Sometimes I just can’t follow a recipe to save my life. Last weekend, inspired by a beautiful picture from Kitchen Parade I had pinned to a board at Pinterest, I set out to make Alanna’s Strawberry Salsa. I bought the ingredients I needed: a box of strawberries that smelled heavenly, kiwis, a lime.
Back home I went out to cut a few sprigs from the chocolate mint plant thriving just outside my back door. There, before I even got started, I began to get side-tracked. I noticed the cinnamon basil growing nearby. I planted it this spring because it was pretty and sounded unusual but I never really know what to do with it. I pulled a leaf and crushed it between my fingers breathing in the scent. It did smell like cinnamon and cinnamon was in Alanna’s recipe. I cut a few sprigs and added them to my small bundle of mint.
Inside, I sliced the strawberries. As I reached for the apple I noticed some jicama that was left over from another recipe and decided to use it instead. It added its own agreeable note of crunch. Then I threw in some finely chopped fresh pineapple that hadn’t fit into a fruit salad I made earlier for brunch.
Remembering the discovery from a few seasons ago that balsamic vinegar is delightful with strawberries, I decided to substitute it for the lime juice in the recipe and stir in a little brown sugar for sweetness. Mixing things together I made a last minute decision to dial up the spicy notes of mint and basil with a pinch of fresh minced ginger.
Sometimes I think those kitchen improvisations are for the best. Salsas, like salads, often benefit when they are embellished with a little of this, a little of that, whatever you have on hand that tastes wonderful and makes an interesting combination. Better that than following the recipe to a tee without taking circumstances into account as I did for the Cantaloupe Salsa I also had on the menu.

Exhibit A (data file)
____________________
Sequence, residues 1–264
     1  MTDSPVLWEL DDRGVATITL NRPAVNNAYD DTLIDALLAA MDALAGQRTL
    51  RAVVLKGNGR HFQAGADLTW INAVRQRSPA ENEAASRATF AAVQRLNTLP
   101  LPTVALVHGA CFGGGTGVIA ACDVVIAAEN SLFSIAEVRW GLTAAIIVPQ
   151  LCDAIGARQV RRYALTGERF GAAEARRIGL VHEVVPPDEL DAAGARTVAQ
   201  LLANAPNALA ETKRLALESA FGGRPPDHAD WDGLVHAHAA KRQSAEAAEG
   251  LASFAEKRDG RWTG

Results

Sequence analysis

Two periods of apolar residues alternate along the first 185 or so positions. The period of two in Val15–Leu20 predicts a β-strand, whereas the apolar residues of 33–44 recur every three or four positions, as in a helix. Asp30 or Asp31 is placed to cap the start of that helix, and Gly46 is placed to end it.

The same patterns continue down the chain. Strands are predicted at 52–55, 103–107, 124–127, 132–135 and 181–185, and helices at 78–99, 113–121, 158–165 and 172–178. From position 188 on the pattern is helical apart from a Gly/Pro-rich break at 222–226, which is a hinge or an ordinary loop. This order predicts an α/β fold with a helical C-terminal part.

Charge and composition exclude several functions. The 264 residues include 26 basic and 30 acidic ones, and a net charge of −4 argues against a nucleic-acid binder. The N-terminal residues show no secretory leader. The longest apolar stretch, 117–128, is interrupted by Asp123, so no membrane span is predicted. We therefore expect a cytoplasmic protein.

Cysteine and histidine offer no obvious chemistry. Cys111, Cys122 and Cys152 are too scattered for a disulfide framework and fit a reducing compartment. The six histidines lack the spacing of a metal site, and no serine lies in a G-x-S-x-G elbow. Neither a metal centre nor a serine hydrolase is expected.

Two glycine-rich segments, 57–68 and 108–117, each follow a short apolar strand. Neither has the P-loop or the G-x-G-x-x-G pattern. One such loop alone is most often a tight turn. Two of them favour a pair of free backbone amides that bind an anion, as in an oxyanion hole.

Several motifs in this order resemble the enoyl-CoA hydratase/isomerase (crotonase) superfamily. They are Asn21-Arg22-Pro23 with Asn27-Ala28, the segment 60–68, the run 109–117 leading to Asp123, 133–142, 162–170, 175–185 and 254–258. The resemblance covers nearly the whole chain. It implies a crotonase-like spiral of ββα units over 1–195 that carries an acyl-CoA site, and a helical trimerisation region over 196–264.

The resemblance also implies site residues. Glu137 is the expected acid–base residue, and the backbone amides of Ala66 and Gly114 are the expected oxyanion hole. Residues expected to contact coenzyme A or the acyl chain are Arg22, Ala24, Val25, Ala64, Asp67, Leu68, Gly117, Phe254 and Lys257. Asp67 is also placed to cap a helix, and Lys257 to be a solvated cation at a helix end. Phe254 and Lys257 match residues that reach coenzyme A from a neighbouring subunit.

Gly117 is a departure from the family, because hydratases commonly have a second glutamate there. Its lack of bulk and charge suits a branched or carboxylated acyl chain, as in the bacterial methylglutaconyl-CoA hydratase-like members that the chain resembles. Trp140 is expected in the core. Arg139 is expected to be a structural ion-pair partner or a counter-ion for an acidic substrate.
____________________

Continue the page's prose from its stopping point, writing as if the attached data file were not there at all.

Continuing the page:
I found cantaloupe at the market, precut in a plastic container. Trusting that it wouldn’t be cut if it wasn’t ripe I took it home. After chopping it I found it had no more taste than the jicama and far less of an interesting texture. Lesson: don’t use any fruit in a fruit salsa if it isn’t wonderfully ripe. It might look pretty but it won’t taste good. The sweetness is necessary to balance the spice and to allow the flavors to meld properly. That Cantaloupe Salsa is gorgeous but it still tastes like onions and feels like hot peppers without any of the sweet appeal that is intended.
The Strawberry Salsa, on the other hand, was fragrant, tart-sweet, and just a little spicy. Good strawberries made a good salsa and allowed for a creative revelation of ingredients. Had I followed Alanna’s recipe more closely I’m sure it would have been delicious but adapting it to the realities of my own kitchen at that moment made it my own Sweet Strawberry Salsa. Maybe those kiwis that I forgot all about adding at the end will even inspire another recipe adaptation next time I'm in the kitchen.
Note: If you enjoy reading about the experiences of Uncle Hal and other folks from the early 20th century, be sure to read Alanna’s sweet post where she introduces us to Strawberry Bill.